Last year’s decision by the Pennsylvania Superior Court that a nursing home was authorized to collect nearly $100,000 in outstanding bills from an adult child of an indigent nursing home resident, Health Care & Retirement v. Pittas, 2012 PA Super 96, 46 A.3d 719 (2012), garnered widespread attention.

The nursing home filed suit against the adult son based upon a little-known Pennsylvania filial support statute, 23 Pa. C.S. §4603, titled "relatives’ liability." The statute imposes a duty upon a spouse, child or parent of an indigent person "to care for and maintain or financially assist" the indigent person. Because the obligation is statutory, the Superior Court had little choice but to enforce the statute. The Supreme Court recently denied the son’s appeal, surely because the duty imposed was a matter of statutory enforcement.

There is no general common-law duty for children to be responsible for a parent’s care. The duty arises instead from statute or contract. At one time, 45 states had filial responsibility statutes. According to elder law scholar Katherine C. Pearson, author of "Filial Support Laws in the Modern Era: Domestic and International Comparison Practices for Law Requiring Adult Children to Support Indigent Parents," these statutes date back to colonial poverty laws and derive from English law. England, however, repealed its filial support laws in 1948.

When Social Security was implemented in 1935, filial support laws became less necessary. In the mid-1960s, the federal government prohibited states from determining eligibility for Medicaid based upon an adult child’s resources, according to Pearson. Currently, approximately 29 states still have some form of filial statute on the books. Around the country, however, enforcement of the statutes remains rare.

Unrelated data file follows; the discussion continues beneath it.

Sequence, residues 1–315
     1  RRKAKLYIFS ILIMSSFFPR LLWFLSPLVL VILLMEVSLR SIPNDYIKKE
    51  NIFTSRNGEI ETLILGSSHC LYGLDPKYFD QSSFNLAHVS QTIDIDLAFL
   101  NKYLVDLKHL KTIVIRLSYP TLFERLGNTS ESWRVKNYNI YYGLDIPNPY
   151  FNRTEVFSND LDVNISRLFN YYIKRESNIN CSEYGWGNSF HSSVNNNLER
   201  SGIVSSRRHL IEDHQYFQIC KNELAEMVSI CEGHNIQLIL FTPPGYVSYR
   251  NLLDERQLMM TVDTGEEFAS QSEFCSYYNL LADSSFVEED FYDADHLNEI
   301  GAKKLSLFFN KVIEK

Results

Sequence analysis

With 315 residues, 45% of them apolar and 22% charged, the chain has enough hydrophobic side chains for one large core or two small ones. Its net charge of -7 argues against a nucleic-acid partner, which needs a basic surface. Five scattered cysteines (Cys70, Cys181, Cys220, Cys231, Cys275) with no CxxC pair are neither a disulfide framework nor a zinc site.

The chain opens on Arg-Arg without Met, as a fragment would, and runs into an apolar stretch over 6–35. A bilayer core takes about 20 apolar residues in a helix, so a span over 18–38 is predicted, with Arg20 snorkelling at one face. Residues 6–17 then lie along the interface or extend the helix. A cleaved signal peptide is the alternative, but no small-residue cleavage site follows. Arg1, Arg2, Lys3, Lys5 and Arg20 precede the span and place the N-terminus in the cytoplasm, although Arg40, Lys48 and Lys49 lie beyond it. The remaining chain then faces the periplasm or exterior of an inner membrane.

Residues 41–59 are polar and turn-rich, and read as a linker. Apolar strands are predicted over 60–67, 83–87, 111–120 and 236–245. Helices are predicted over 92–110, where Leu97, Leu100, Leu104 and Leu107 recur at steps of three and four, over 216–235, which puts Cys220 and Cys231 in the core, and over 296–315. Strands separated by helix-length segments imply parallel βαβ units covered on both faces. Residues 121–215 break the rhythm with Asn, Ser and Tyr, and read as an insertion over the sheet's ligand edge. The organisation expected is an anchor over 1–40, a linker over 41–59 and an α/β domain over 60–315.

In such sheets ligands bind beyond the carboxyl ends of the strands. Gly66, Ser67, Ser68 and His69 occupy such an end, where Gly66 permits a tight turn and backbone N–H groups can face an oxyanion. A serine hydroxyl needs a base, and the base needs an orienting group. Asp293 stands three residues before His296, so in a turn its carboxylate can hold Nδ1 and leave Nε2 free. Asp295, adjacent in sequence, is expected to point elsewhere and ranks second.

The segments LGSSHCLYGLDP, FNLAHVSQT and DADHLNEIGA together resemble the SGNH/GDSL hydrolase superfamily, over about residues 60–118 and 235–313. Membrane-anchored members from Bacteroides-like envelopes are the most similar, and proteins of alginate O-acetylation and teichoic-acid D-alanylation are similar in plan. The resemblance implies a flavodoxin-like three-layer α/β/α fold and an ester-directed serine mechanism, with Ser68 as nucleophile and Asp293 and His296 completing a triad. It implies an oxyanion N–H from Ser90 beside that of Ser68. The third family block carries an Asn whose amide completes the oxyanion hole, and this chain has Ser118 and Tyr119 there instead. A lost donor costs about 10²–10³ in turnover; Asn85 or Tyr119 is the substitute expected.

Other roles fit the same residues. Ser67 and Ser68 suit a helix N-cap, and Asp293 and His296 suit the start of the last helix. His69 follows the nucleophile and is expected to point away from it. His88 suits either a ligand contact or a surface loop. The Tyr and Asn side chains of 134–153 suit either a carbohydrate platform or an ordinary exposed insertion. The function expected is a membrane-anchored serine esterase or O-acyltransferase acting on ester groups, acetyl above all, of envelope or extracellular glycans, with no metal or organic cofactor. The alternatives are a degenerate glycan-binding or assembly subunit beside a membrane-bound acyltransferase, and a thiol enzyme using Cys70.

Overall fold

As seen in Pittas, though, long-term care facilities in Pennsylvania use the filial support law to collect their outstanding nursing home bills from residents’ kin. Since the recession, the government has tightened reimbursement for medical expenses under Medicaid. Long-term care facilities are feeling the pinch and therefore looking for a tool to use to collect unpaid bills.

It is noteworthy that in Pittas, the Superior Court held that the son was liable to pay his mother’s nursing home bill, notwithstanding that her application for Medicaid was still pending. The Pennsylvania statute provides that relatives are liable "regardless of whether the indigent person is a public charge."

In Pittas, the mother had left the country, so the nursing home filed its collection action against the son and didn’t even wait, as mentioned, to see if the mother’s Medicaid application would be granted.

The son in Pittas contended that the mother was not indigent and that the nursing home should also have considered her husband’s resources. Because the statute does not define indigence, the court relied upon a common-law definition, which generally holds that people are indigent if their means are not adequately sufficient to provide for their maintenance and support. Because the mother’s medical expenses exceeded her Social Security payments and her portion of her husband’s pension, the court had little difficulty in concluding that she was indigent. The court further held that if the son wanted to allocate responsibility among family members, he was required to join those family members, not the nursing home.